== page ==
I’ve been doing some research on long-term stock pricing trends and need to find data on publicly traded companies. Any clues on where I can find this sort of information back for the last decade or so?
Ordinarily I would answer that there are few places you can find long-term historical data online, but in fact there are a number of interesting places for your research. One of the newest and most interesting the newly revamped Google Finance (Nasdaq: GOOG), which offers historical stock data back forty years.
For example, let’s consider how Hewlett-Packard (Nasdaq: HPQ) has done in that time period. By default, you get a very narrowly focused chart on the relevant financial information page:
Notice on the top left the different Zoom ranges you can select: 1 day, 5 days, 1 month, 3 months, 6 months, year to date, 1 year, five years, 10 years and “Max”. I’ll click on Max so I can see how the company did for the last 35 years:
That’s January 9, 1970 through today, December 12th. You can see that the highest stock value was back during the dotcom explosion, at the beginning, around 1999 or so, and since then it’s tanked, then come back about 50%, to close at 39.83 today.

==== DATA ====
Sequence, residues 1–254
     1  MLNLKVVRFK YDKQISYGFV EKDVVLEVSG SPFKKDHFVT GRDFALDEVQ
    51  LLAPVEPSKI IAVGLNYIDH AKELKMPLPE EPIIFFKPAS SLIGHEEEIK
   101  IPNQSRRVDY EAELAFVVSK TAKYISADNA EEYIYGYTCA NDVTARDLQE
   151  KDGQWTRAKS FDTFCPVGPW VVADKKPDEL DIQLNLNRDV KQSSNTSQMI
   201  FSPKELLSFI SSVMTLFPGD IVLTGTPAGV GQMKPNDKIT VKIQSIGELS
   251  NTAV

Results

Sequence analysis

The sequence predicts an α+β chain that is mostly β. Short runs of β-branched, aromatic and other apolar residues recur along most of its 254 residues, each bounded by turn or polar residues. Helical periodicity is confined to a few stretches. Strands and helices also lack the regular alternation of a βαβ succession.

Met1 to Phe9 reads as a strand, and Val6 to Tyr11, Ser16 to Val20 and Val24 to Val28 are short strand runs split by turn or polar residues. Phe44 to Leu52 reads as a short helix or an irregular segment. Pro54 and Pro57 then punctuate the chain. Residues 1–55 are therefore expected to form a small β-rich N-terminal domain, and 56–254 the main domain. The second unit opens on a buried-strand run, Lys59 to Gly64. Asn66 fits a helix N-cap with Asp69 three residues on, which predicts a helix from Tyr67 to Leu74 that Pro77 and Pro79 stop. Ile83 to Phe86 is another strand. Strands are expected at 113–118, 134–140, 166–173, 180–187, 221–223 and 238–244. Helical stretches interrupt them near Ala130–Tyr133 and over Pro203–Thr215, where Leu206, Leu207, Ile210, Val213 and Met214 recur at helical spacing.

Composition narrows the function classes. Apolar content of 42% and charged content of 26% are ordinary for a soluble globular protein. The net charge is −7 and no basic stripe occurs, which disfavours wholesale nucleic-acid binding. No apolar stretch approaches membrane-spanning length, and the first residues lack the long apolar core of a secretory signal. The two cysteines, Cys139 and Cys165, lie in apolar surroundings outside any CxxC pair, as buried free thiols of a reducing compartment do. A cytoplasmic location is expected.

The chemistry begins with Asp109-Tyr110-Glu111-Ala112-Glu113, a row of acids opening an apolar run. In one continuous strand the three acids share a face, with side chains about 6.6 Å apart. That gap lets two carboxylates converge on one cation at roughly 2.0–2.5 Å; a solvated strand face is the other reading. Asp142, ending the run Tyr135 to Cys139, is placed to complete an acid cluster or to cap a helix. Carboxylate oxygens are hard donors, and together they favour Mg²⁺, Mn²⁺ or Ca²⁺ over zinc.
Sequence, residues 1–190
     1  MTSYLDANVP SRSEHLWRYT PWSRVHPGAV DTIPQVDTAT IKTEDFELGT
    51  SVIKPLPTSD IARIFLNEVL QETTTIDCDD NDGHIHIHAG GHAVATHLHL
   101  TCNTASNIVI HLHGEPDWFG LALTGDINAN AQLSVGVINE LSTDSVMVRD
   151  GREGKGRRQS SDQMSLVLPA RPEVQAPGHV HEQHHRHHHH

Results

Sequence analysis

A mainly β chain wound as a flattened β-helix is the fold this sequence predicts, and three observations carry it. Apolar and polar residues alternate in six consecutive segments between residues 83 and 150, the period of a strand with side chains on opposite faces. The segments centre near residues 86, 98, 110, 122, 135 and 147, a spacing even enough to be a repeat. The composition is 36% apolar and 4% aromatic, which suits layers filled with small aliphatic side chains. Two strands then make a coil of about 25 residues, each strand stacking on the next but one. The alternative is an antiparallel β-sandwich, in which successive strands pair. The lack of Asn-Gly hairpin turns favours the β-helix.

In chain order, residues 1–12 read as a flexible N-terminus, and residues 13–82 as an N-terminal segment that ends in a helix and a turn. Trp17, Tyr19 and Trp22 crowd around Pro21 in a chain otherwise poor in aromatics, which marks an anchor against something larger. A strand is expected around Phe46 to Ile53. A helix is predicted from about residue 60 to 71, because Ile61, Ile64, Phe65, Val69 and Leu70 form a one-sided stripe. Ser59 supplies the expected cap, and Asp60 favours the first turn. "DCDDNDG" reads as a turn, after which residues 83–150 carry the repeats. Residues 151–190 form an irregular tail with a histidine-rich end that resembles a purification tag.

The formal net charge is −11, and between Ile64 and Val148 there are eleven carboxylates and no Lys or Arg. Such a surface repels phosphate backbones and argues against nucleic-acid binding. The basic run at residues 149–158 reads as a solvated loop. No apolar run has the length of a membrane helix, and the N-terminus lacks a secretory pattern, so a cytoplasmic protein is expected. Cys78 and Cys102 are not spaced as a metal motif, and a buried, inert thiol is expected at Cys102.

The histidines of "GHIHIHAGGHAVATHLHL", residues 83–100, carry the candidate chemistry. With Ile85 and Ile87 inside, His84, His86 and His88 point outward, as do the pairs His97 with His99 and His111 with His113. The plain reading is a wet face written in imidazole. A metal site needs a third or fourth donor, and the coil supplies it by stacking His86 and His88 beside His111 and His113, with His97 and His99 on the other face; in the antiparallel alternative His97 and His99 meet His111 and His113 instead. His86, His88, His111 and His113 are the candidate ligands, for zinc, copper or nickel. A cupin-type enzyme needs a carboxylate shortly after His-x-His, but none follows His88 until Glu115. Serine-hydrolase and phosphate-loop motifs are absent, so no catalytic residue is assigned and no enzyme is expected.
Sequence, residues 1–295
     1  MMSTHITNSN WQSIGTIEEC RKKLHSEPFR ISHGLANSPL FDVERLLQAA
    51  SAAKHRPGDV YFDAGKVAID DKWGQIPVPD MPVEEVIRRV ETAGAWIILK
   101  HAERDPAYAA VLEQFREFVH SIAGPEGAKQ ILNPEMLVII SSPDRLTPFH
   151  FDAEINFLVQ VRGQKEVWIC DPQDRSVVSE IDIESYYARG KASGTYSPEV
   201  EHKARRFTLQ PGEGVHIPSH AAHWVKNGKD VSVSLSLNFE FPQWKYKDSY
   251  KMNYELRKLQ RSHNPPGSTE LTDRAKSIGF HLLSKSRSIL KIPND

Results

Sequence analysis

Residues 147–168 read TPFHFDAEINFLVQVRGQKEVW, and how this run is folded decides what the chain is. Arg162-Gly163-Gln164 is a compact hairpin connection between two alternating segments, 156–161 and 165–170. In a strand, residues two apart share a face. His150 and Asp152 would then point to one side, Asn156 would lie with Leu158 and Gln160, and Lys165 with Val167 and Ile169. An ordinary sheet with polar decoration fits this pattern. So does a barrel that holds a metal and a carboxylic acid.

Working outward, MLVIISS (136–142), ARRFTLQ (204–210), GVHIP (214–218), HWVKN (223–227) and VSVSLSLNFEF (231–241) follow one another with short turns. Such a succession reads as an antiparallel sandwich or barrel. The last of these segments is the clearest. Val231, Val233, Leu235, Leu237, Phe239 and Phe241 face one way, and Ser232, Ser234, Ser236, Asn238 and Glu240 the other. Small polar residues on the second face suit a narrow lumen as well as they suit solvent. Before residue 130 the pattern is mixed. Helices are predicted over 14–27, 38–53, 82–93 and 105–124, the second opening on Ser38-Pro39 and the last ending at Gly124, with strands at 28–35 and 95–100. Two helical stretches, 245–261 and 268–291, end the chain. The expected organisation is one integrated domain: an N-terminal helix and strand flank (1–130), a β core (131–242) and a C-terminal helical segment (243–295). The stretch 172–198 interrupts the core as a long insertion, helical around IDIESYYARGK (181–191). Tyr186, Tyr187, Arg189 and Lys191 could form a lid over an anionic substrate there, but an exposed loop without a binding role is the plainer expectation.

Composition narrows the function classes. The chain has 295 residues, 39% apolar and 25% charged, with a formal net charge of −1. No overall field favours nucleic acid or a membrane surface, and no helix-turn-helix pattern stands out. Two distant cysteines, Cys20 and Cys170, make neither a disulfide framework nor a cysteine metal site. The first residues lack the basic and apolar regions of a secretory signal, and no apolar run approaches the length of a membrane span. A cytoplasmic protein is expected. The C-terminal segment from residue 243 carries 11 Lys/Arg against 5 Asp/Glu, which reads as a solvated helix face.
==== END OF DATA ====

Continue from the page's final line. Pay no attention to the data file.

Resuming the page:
Google isn’t the only place to find this sort of information, however. For many companies, you can actually find this sort of historical information on the “investor relations” area on their site.
In fact, Yahoo Finance offers up an additional five years of historical data:
The problem I have with the Yahoo charts is that they use a logarithmic scale, so the difference between $0 and $10 is far, far greater than the difference between $50 and $70 in stock value, which greatly distorts the actual data.
One more stop: I’m a big fan of the Wall Street Journal, and they have a “quotes and research” search option right on the home page. Entering HPQ into that search and I get a tiny 10-day chart and the option of going to their charting area. I’m not surprised that they have a splendid charting feature and data that goes back far far earlier than either Yahoo or Google, back to the beginning of trading for Hewlett-Packard:
Unfortunately, the WSJ information is only accessible to [paid] subscribers, but you can sign up for two weeks of access perfectly free, which might well be sufficient time to accomplish the research you need. If not, I suggest you check out Google as shown above.
If not, MSN Money has its own charts you can explore too, though HP’s chart only goes back ten years. But since these search engines are all in heated competition, it won’t surprise me if MSN offers 20-40 years or more in the next 90 days.